I ran into a strange situation today.  Some of you might benefit from analyzing it and thinking through possible response outcomes should a similar encounter happen to you.


Since I moved to Texas, I’ve come to really love all of the outdoor recreation activities down here as opposed to what’s available in my home state of Ohio.  I love being outside and there are endless hiking opportunities within a short drive from my house.


One of my favorite local hikes is at Balcones Canyonlands National Wildlife Refuge.  It’s less than a 30 minute drive from my apartment.  The park is rarely crowded on weekdays and offers a very physically demanding loop hike.  The hike is about four miles long on a rocky single track trail.  Lots of elevation gain and loss.  The loop takes about two hours to hike and is a great workout.  When I’m in town, I try to do it at least once a week.



It rained a lot here yesterday.  When I woke up this morning, it was very cloudy.  Temperatures were in the mid 70s with a nice breeze.  Since the temps have been pushing 100 degrees for the last two weeks, I thought it would be great to hit the trail and enjoy the temporary respite from the relentless sun.


I ate some breakfast and drove out to the wildlife refuge.  There was only one other car in the parking lot.  It looked like I was going to have the trail mostly to myself again.


The beginning of this loop trail is the roughest part.  It’s about 30 minutes of straight uphill hiking with lots of switchbacks.  The trail is less than two feet wide.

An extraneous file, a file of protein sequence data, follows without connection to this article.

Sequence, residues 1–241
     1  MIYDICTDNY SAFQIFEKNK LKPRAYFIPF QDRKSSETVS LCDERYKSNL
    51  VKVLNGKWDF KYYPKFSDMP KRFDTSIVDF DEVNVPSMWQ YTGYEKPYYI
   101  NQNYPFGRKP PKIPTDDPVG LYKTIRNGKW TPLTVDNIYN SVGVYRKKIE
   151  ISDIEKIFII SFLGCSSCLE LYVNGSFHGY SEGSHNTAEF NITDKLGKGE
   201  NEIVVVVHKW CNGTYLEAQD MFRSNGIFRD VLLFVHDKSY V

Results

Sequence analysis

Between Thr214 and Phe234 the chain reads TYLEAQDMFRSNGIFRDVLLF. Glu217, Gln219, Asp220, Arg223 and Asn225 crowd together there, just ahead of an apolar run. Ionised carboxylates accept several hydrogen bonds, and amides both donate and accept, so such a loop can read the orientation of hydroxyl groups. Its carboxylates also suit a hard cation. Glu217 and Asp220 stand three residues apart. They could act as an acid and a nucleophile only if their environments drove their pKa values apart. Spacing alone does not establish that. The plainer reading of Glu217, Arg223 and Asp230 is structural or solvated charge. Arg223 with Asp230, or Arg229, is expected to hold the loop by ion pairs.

As I was panting while hiking up the endless hill at the beginning of the trek, I caught a glimpse of another hiker heading towards me walking down the mountain in the opposite direction I was hiking.  As our paths converged, I saw that the person coming down the trail towards me was a young, attractive woman in her mid-20s dressed in workout attire (shorts and a tank top) walking a mid-sized dog.


The trail was not wide enough for both of us.  I saw her before she saw me, so I stopped, took a step off the trail to allow her to pass, and said “come on through.”


This is where things got a bit strange.  She stopped about 15 feet away from me and didn’t move any farther.  She didn’t say anything.  I noticed she had an unsheathed fixed blade skinning knife in her right hand and her dog leash in her left.


The knife she held in her hand looked like this, but with a wooden handle.



I looked at the knife and said “Is everything OK?”


She looked surprised, stuck the knife in a leather sheath tucked into her waistband, and began telling me how she had just heard a “mountain lion” screaming on the trail above her and wanted her knife out in the event it attacked her or her dog.


Very odd.  While theoretically within the natural range of a mountain lion, no one I’ve ever known has seen one around here.  I didn’t hear any screaming (feline or otherwise). 


I let the woman walk past me and I continued up the hill.  I didn’t see the woman again, nor did I see any evidence of a mountain lion or a mass murder scene.


Think about what you might have done if you had encountered the woman with a knife.  A couple of other details:


-The trail runs up the side of a small mountain.  If either of us had moved more than about five feet on either side of the trail, we would have had a very long fall/slide to the bottom.  The only escape is either up or down.


– Most of the park is in an area without any cell phone service.


– I’ve never seen any law enforcement park rangers at the site


I was carrying weapons, but I didn’t make any attempt to draw them.  I had POM pepper spray in my pocket, a Spyderco Endura knife clipped in the waistband of my hiking shorts, and a .22 magnum S&W 351C revolver carried in a sling bag across my chest.  I also had an aluminum trekking pole in my hand.